|Year : 2021 | Volume
| Issue : 2 | Page : 51-55
Spectrum of skin diseases in the elderly age group: A hospital-based study
Mriganka Mehra1, Nitin Mishra1, Pratik Gahalaut1, Madhur Kant Rastogi1, Neni Agarwal2
1 Department of Dermatology, SRMS IMS, Bareilly, Uttar Pradesh, India
2 Department of Dermatology, GGSMCH, Baba Farid University of Health Sciences, Faridkot, Punjab, India
|Date of Submission||03-Jun-2021|
|Date of Decision||20-Jul-2021|
|Date of Acceptance||30-Aug-2021|
|Date of Web Publication||22-Oct-2021|
Dr. Mriganka Mehra
Department of Dermatology, Shri Ram Murti Smarak Institute of Medical Sciences, Bareilly - 243 202, Uttar Pradesh
Source of Support: None, Conflict of Interest: None
Background: The increasing average lifespan has led to an increase in an elderly patient encountered in day-to-day practice. Despite this, there is a lack of statistical data about dermatosis in the elderly. Objectives: This study has been performed with the objectives of studying the spectrum of skin diseases in the elderly and study associations of these with various demographic characteristics such as age, gender, and residence with clinical diagnosis. Methodology: This was a cross-sectional study based in a tertiary care teaching hospital, which included patients aged 60 years and above, presenting to the outpatient department of dermatology. Results: A total of 440 patients were enrolled. The mean age was 65.92 years, with maximum belonging to the 60–69 years' age group (73%) and a male preponderance (1.97:1). The most common systemic ailment was diabetes mellitus (18.2%). The most common physiological change was wrinkling (92.3%). Among pathological conditions, infections were the most common group (51.3%). Fungal infections were seen in 24.1% and leprosy in 6.8% of patients. Wrinkling, neoplasia, and nail changes were significantly higher in males. Metabolic dermatosis was significantly higher in diabetics. Generalized pruritus, neoplasia, and pigmentary disorders were significantly more common in urban residents, whereas infections were significantly higher in rural residents. Conclusion: The most common physiologic finding among the elderly was wrinkles while the most common dermatosis were infections. Dermatosis in the elderly has atypical presentations due to an interplay of physiological and pathological factors. With increasing average lifespan, dermatological demands of the aged are growing. Thus, it is important to study the problems of the aged individuals, so proper dermatological care can be provided to them.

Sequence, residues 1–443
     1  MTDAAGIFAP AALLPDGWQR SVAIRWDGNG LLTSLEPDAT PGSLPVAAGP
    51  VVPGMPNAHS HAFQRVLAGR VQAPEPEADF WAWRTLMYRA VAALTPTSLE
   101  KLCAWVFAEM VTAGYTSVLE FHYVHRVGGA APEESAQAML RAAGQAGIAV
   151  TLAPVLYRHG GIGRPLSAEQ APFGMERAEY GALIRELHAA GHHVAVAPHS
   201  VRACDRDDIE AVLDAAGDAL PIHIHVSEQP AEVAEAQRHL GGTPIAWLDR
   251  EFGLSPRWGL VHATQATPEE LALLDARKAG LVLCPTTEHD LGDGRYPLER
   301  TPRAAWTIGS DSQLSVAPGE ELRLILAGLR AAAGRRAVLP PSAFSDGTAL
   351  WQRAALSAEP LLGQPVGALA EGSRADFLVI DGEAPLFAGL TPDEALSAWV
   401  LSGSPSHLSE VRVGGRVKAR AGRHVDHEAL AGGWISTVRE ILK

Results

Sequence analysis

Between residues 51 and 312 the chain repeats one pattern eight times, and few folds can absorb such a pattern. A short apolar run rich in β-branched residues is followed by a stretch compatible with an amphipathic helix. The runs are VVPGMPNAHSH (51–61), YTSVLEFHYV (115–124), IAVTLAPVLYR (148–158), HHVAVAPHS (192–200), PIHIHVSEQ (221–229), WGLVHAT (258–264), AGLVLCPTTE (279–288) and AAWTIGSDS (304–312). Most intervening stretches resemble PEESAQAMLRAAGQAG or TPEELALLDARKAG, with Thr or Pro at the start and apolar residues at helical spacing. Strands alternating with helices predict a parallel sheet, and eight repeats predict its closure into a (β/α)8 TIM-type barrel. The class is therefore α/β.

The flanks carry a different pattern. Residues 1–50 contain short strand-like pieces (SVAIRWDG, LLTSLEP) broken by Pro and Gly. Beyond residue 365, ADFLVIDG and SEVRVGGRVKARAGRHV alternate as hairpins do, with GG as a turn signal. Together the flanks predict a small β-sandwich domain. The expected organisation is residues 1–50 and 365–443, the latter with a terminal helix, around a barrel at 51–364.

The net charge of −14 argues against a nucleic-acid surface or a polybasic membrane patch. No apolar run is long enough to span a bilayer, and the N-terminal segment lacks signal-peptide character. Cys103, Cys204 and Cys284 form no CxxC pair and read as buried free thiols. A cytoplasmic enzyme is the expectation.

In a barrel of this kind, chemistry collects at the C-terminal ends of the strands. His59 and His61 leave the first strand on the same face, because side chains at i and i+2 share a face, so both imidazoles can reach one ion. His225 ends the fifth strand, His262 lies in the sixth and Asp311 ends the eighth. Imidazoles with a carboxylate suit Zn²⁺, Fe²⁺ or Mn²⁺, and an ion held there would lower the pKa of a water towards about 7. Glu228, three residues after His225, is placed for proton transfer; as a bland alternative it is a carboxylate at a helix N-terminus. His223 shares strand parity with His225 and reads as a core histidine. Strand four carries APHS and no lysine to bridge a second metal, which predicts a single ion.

Keywords: Cutaneous manifestations, dermatosis, geriatric, infections
|How to cite this article:|
Mehra M, Mishra N, Gahalaut P, Rastogi MK, Agarwal N. Spectrum of skin diseases in the elderly age group: A hospital-based study. J Indian Acad Geriatr 2021;17:51-5
|How to cite this URL:|
Mehra M, Mishra N, Gahalaut P, Rastogi MK, Agarwal N. Spectrum of skin diseases in the elderly age group: A hospital-based study. J Indian Acad Geriatr [serial online] 2021 [cited 2021 Nov 27];17:51-5. Available from: http://www.jiag.com/text.asp?2021/17/2/51/329016
| Introduction|| |
“Senior citizen” or “elderly” is a person who is of age 60 years or above as defined by the “National Policy on Older Persons” adopted by the Government of India in January 1999. A growth in the elderly population has been noted due to a substantial reduction in mortality owing to economic well-being, better health-care systems and advancements in the field of Medicine. This phenomenon, called population aging, is a dynamic demographic trend seen all over the world.
With the increasing average lifespan, the percentage of geriatric patients is bound to rise. Consequently, the dermatological demands of the aged will grow. This will alter the prevalence and pattern of skin diseases encountered in general dermatology practice. Thus, it is important to study in detail the problems of the aged, so that proper dermatological care can be provided to them.
Skin disorders found to be common in elderly in prior studies include xerosis, pruritus, photoaging (dermatoheliosis), benign tumors like acrochordons, seborrheic keratosis, cherry angiomas and infections like herpes zoster, dermatophytosis, and various eczematous conditions.